‘Pai Kau’, on the other hand, avoided these hot topics. Instead, Sidi only wanted to write a long story about the conflicts happened in people’s daily lives that were normally overlooked: a seemingly perfect couple and a reputable family with underlying agendas like betrayal, murder, and greed. Perhaps this story was too much a cliché as seen in family dramas that made it left unnoticed and unsaid. Whichever was the case, ‘Pai Kau’ criticised how pretentious human beings were and still are in trying to create and live up to this notion of ‘a perfect marriage in a happy family’. Yes, as an audience member, I think it was and is a cliché, maybe so much so that it touched my heart.
Whilst gender hierarchy is still very prominent in Indonesian society, as well as in its films, Sidi brings out independent woman figures in ‘Pai Kau’ to provide a contrast of how Indonesian women are being undermined in the real world. Going beyond just independent women, the female characters in the film had the courage to love and hate wholeheartedly. They were full of vengeance because they had once loved with all their might. And it’s true that love and hate are distinguished by only one fine line. From being madly in love, they become slick and cunning, like tigresses waiting to attack their preys.
What impressed me a lot was the character of Lucy. When everything falls in line as predicted in this film, Lucy the bride become a surprise, turning the plot topsy-turvy. From a tame, loyal fiancée and filial daughter to a ruthless murderer, she is as close an embodiment of the two extremes a woman could be. Another anchor of the story is Siska, later revealed as Edy’s vindictive ex-girlfriend, who was so torn between love and revenge. In fact, Siska was the suspense of the whole storyline, the tension between Edy and Lucy during their wedding: a time bomb waiting to explode. The designs of these two female lead roles were the fundamental elements that made ‘Pai Kau’ a good clichéd film among other clichéd films.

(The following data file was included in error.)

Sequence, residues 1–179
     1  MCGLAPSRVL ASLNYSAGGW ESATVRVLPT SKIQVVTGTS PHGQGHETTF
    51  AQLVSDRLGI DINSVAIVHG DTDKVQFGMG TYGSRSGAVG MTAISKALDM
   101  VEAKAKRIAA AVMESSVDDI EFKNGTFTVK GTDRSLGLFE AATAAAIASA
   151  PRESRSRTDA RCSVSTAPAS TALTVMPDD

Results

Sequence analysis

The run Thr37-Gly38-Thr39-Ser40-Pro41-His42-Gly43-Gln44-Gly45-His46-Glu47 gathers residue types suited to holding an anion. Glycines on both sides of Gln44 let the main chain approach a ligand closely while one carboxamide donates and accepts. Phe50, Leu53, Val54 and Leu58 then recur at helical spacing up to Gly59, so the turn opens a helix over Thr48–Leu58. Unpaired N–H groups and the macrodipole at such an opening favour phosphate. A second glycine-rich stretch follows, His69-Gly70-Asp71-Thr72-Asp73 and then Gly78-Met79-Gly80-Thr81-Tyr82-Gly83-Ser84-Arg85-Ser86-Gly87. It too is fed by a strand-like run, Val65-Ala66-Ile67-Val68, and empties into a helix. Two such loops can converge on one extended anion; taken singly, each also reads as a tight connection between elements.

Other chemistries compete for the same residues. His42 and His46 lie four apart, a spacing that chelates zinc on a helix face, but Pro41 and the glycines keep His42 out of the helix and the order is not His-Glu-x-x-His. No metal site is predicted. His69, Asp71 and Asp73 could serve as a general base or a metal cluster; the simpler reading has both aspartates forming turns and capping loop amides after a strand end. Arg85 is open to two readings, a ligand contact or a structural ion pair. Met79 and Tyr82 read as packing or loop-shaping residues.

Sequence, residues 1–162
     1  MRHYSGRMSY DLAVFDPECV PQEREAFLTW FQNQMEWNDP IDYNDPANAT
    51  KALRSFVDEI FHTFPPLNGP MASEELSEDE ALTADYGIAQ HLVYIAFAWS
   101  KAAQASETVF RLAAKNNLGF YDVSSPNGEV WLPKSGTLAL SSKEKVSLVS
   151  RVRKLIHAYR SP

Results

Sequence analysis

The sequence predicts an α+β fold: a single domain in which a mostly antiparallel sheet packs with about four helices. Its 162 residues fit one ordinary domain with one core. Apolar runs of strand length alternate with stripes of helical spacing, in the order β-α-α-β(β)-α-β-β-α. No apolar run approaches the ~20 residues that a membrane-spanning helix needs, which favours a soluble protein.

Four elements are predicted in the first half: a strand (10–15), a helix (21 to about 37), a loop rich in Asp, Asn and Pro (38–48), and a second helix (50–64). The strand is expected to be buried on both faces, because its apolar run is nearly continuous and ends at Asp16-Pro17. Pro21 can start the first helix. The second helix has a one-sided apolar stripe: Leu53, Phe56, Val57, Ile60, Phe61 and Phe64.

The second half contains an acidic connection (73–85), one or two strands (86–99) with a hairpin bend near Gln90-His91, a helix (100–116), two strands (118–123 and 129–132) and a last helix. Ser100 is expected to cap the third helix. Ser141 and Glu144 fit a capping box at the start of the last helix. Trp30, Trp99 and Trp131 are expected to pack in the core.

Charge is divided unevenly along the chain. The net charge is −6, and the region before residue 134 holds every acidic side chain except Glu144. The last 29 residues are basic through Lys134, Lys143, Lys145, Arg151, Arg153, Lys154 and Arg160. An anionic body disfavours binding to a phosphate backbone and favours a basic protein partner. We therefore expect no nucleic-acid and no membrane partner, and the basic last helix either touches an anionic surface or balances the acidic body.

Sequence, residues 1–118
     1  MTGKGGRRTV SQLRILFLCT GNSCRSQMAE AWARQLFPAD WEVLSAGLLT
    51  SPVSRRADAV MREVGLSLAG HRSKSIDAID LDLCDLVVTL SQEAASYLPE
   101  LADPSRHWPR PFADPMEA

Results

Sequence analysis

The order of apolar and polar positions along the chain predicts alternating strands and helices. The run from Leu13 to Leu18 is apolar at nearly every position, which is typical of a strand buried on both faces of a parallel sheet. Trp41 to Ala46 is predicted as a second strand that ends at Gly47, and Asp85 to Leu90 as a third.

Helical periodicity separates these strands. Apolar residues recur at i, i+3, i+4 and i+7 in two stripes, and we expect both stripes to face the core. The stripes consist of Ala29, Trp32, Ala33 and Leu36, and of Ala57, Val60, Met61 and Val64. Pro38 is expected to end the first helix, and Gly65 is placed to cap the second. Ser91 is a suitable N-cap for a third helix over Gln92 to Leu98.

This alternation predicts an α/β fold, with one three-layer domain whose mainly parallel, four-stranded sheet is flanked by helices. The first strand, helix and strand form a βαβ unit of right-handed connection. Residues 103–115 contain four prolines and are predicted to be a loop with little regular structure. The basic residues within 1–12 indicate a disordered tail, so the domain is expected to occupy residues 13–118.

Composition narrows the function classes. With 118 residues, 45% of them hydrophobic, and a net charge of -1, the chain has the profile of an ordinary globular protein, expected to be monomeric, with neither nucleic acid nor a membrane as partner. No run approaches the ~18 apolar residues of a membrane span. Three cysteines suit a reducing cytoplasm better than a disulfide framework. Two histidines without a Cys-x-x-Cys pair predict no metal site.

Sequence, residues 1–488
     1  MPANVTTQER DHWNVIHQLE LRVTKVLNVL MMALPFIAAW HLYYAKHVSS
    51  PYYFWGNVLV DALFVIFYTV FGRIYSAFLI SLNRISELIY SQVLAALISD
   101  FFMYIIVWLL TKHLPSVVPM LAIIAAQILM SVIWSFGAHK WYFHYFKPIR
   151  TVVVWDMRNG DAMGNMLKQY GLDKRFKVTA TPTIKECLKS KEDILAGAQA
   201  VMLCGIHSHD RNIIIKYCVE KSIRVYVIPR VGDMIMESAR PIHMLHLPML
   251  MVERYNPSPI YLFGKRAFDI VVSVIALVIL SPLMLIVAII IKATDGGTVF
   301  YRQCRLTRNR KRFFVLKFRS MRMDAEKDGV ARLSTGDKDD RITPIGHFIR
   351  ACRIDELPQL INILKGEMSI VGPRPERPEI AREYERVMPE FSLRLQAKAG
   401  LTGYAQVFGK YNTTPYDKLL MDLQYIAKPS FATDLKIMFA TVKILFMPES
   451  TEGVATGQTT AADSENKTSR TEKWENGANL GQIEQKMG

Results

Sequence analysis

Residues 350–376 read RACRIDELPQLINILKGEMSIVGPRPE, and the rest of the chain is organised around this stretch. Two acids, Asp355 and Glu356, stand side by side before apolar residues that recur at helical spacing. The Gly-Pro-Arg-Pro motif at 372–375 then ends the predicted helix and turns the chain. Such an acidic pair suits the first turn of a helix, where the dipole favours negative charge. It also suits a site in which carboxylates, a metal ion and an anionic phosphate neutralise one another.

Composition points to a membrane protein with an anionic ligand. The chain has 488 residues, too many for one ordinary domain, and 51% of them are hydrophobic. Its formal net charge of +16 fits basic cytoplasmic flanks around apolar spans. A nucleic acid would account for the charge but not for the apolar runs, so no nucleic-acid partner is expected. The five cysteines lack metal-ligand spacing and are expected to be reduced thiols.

Although I did not comprehend you, I still did it.
I once asked Sidi why he chose to direct Chinese actors who spoke Mandarin in the film, when Sidi himself didn’t acquire that language. It was extremely difficult, especially when there was no interpreter or script translator on set. But I guess Sidi just had the guts to do it. Even though the lines in the film were delivered with a hint of rigidity, the trust that the director had given to his actors was powerful. I saw this rigidity as a beautiful flaw.
I believe that if I watch this film again in a few decades’ time, something I may look for in a film is no longer how brilliant its execution and technicalities are, nor how polished or well-made it is. Rather, it is this sense of sincerity and the urge to make films, an urge emanating from the core of this film, that will determine how well it has stood the passage of time.
This review was originally published here. In addition to Sidi, Elise Shick has previously interviewed Carlos Francisco Manatad, Anocha Suwichakornpong and Davy Chou.
Featured image credit: Hong Kong Tatler